U. S. Customs and Border Protection asks all Vessels to follow these helpful guidelines
NEW YORK – U.S. Customs and Border Protection is advising boaters throughout the New York/New Jersey area to make sure they follow the below guidelines this summer while they are cruising on their boats.
“CBP wants all private boaters in the New York/New Jersey area to enjoy the summer boating season. With that, CBP asks private boaters operating in our area of responsibility to be safe and to properly report into CBP when arriving from a foreign port,” said Robert E. Perez, Director, Field Operations New York.
CBP has designated specific reporting locations within the Field Offices that are staffed during boating season for pleasure boats to report their arrival and be inspected by CBP. The master of the boat must report to CBP telephonically and be directed to the nearest Port of Entry to satisfy the face-to-face requirement, or report to the nearest designated reporting location along with the boat’s passengers for inspection.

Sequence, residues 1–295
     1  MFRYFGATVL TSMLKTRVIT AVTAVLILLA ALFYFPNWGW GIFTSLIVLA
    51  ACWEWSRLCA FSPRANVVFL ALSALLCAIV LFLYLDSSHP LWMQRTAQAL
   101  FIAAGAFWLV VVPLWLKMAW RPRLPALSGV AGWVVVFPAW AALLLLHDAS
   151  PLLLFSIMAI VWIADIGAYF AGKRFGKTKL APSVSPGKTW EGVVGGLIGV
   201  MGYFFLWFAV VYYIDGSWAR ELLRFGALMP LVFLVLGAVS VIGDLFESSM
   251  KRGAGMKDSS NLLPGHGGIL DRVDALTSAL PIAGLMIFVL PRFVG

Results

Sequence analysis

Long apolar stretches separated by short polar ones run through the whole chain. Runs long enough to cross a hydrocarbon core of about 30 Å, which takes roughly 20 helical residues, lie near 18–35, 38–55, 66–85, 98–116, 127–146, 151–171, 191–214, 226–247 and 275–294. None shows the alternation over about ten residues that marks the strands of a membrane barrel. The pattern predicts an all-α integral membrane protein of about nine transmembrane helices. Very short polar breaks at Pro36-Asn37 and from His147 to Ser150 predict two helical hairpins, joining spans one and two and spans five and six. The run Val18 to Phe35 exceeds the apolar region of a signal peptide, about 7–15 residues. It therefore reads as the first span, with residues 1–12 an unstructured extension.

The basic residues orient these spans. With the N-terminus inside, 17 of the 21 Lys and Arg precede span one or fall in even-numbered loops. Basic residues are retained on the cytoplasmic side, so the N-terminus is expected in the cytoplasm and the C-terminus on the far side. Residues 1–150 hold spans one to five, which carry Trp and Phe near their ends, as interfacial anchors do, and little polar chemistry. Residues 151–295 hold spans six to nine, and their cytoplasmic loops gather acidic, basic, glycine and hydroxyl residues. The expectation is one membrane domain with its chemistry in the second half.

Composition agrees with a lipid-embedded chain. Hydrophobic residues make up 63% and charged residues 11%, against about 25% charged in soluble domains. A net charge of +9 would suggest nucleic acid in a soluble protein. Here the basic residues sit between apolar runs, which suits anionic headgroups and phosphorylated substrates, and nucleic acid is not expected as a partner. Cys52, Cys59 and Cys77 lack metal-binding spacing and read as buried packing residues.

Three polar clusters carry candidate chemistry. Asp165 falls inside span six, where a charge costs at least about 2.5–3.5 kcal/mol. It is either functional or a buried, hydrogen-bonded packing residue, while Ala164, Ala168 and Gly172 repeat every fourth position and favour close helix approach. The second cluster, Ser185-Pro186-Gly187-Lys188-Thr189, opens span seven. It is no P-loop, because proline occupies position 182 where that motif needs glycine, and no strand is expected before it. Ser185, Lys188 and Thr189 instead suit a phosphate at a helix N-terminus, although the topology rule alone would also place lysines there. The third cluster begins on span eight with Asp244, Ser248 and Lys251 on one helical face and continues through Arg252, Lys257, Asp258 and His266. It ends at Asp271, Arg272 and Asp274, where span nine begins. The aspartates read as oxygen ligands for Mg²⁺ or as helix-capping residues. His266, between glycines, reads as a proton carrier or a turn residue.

Pleasure boats arriving in the New York/Newark Area will make an initial report of arrival to CBP by contacting the Newark Area Marine Desk 1- 877- 209 - 8526. For purposes of reporting pleasure boat arrivals, the New York/Newark Area is defined as the geographic area north of Manasquan, NJ and south of the Poughkeepsie Bridge on the Hudson River. The area includes the north and south shores of Long Island.
The inspection process at a sea port-of-entry is similar to the airport process if inspection facilities are available. Otherwise passengers will be instructed where to report for inspection on board the vessel.
For further information click Pleasure Boat Reporting Requirements to the New York/New Jersey area
U.S. Customs and Border Protection is the unified border agency within the Department of Homeland Security charged with the management, control and protection of our nation's borders at and between the official ports of entry. CBP is charged with keeping terrorists and terrorist weapons out of the country while enforcing hundreds of U.S. laws.